Home Flipping Is on the Rise
Home flipping sometimes means a good profit for home sellers, but it could also spell trouble for the housing market by increasing home prices and making homes less affordable for potential buyers, experts warn.
The number of active home flippers in 2015 was at the highest level in the past eight years, according to RealtyTrac. The average gross profit—the difference between the purchase price and the sales price of the flip—from home flipping also hit a 10-year high at $55,000. Flips made up 5.5 percent of all home sales in 2015.
Home flipping is any transaction that occurs on the same property twice within 12 months.
“Flipping tends to be done by investors, usually smaller investors, who think a market is undervalued and will typically invest in anywhere from one to three properties at a time,” says Julia Dugger, director of marketing and vendor performance management for Fannie Mae.
Flipping is a “normal” part of the real estate market and can add value to properties, says Amy Heinz, managing director of Fannie Mae’s Mortgage Fraud Program. “This activity can go a long way toward gentrifying neighborhoods,” she adds.
Homes flipped in 2015 were purchased at an average discount of 26 percent below estimated market value. Those homes were then resold by the “flipper” at a 5 percent premium above estimated market value, says Daren Blomquist, senior vice president at RealtyTrac, in a recent release.
“More inexperienced home flippers with a smaller financial cushion could be sign of an over-speculative market, but the data indicates that flippers in 2015 continued to operate within relatively conservative margins,” adds Blomquist.
Does Home Flipping Lead to a Flopping Market?
A rise in the home flipping numbers sometimes runs the risk of making housing “even less affordable for buyers and increasing the risk of a bubble,” says Matthew Gardner, chief economist at Windermere Real Estate in Seattle in a statement with RealtyTrac.
Of those metro markets that experienced the biggest year-over-year increase, two were based in Florida: Jacksonville (up 41 percent) and Homosassa Springs (up 40 percent).
Miami had the most homes flipped of any market throughout the country in 2015, with 10,658 total homes flipped that year.
“We continue to see distressed properties funnel through the pipeline in South Florida, which makes it ripe for investors to profit in a strong selling market,” says Mike Pappas, CEO and president at the Keyes Company, in a statement with RealtyTrac.
Metro markets that registered the highest average gross return on investment (ROI) include Pittsburgh (129.5 percent), New Orleans (99.2 percent), and Philadelphia (98.4 percent), according to RealtyTrac.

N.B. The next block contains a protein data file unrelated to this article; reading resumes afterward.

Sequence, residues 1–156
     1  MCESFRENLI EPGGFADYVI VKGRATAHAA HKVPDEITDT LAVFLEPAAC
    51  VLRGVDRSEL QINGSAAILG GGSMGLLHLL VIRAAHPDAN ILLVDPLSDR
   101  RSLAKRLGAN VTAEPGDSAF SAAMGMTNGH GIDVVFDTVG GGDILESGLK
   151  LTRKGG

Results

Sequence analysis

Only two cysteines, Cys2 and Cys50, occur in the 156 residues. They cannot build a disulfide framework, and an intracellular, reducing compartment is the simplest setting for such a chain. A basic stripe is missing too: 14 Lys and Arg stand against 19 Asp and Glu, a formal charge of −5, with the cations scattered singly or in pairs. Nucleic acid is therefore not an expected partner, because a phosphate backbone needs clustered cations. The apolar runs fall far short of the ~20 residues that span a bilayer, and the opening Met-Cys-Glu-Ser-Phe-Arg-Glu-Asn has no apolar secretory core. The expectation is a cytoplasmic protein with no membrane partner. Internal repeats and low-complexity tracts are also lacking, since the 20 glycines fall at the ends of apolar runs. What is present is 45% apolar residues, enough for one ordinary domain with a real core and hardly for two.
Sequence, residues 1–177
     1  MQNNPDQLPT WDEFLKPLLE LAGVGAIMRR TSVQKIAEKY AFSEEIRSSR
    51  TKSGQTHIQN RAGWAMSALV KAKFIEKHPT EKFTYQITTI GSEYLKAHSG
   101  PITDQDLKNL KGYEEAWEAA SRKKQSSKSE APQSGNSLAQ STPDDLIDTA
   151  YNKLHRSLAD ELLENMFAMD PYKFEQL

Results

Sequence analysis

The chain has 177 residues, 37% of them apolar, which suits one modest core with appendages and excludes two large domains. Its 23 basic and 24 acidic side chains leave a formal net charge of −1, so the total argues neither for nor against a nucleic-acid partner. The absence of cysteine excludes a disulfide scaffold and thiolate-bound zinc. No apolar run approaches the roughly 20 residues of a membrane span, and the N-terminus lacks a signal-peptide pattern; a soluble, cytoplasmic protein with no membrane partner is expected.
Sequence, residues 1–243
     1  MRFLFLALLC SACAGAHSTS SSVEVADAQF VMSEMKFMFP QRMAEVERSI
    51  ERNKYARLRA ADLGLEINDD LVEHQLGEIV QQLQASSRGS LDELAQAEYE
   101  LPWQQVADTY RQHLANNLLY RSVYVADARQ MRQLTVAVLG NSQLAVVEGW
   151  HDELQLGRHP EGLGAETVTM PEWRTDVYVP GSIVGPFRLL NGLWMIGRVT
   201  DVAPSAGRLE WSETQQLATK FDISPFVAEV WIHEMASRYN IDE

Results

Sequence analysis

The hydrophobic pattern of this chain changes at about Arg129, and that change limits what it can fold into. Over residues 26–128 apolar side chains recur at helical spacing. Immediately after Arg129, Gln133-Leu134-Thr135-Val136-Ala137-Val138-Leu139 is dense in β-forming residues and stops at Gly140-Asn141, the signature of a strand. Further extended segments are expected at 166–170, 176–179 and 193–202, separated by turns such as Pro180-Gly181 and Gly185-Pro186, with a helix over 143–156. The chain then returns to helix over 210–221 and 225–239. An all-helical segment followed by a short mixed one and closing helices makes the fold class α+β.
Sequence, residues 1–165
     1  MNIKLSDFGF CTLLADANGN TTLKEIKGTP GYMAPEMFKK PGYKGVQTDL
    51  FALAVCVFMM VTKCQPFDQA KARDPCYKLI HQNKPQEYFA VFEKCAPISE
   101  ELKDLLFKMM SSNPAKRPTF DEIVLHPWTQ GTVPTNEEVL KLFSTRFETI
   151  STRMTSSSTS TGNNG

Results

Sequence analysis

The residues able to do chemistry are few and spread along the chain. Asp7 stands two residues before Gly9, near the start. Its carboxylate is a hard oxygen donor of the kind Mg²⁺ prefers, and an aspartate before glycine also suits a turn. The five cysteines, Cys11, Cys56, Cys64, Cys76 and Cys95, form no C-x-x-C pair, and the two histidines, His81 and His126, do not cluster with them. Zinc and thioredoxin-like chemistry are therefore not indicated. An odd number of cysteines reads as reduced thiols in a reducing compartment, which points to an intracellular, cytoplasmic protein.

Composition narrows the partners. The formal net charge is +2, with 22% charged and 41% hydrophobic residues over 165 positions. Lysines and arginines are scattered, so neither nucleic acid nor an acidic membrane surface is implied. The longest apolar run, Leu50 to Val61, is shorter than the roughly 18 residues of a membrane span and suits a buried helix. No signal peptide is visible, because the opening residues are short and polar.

Nevada, Alabama, Arizona, and Tennessee were the states that had the highest share of home flips in 2015.
To help encourage productive real estate activity and discourage fraudulent flips of its REO properties, Fannie Mae, the publisher of The Home Story, places deed restrictions — no resale for greater than 120 percent of the short sale price within 90 days — on its HomePath®.com properties. The timing is meant to encourage new owners to make improvements like renovating a kitchen or repairing a foundation issue and add real value to these properties before selling them.
“The deed restrictions provide a reasonable amount of time that we think would be required for someone to make repairs to a property,” says Chris Kocks, director of the Single Family Program Office for Fannie Mae.
The deed restrictions also work to prevent fraud and support the improvement of the available housing stock. But there is a “dark side” to flipping, says Heinz.
“Flipping has been Fannie Mae’s most prevalent fraud scheme in fraud investigations involving distressed and foreclosed real estate,” she adds.
The tactics that Heinz and her department frequently see are “flopping” (suppressing the purchase price in the original transaction) and using misleading or fraudulent approvals to inflate the purchase price in the flip transaction.
“Other strategies involve duping naïve buyers who can’t afford the property into purchasing the flip at an inflated price, or involve the use of a straw buyer (an accomplice who is used to cover up the identity of the true purchaser),” says Heinz.
The deed restrictions Fannie Mae has in place are meant to provide a cooling-off period for the buyer and encourage responsible ownership of the property, says Kocks. He adds: “At the end of the day we want an owner-occupant who has a place to call ‘home,’ and I hope that we are the principal facilitators of those transactions.”